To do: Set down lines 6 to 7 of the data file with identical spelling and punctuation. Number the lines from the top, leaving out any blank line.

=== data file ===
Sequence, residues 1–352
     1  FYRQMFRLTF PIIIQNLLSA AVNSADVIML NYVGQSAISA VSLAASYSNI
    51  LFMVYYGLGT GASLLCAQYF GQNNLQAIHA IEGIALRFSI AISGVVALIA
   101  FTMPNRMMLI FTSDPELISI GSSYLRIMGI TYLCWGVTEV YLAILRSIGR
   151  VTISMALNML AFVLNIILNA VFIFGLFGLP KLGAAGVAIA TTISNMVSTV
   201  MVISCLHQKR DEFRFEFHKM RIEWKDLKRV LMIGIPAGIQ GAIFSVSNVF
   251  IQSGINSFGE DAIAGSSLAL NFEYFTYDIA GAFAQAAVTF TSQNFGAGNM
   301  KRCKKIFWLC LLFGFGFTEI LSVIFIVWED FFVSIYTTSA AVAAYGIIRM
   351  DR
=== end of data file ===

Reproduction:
   201  MVISCLHQKR DEFRFEFHKM RIEWKDLKRV LMIGIPAGIQ GAIFSVSNVF
   251  IQSGINSFGE DAIAGSSLAL NFEYFTYDIA GAFAQAAVTF TSQNFGAGNM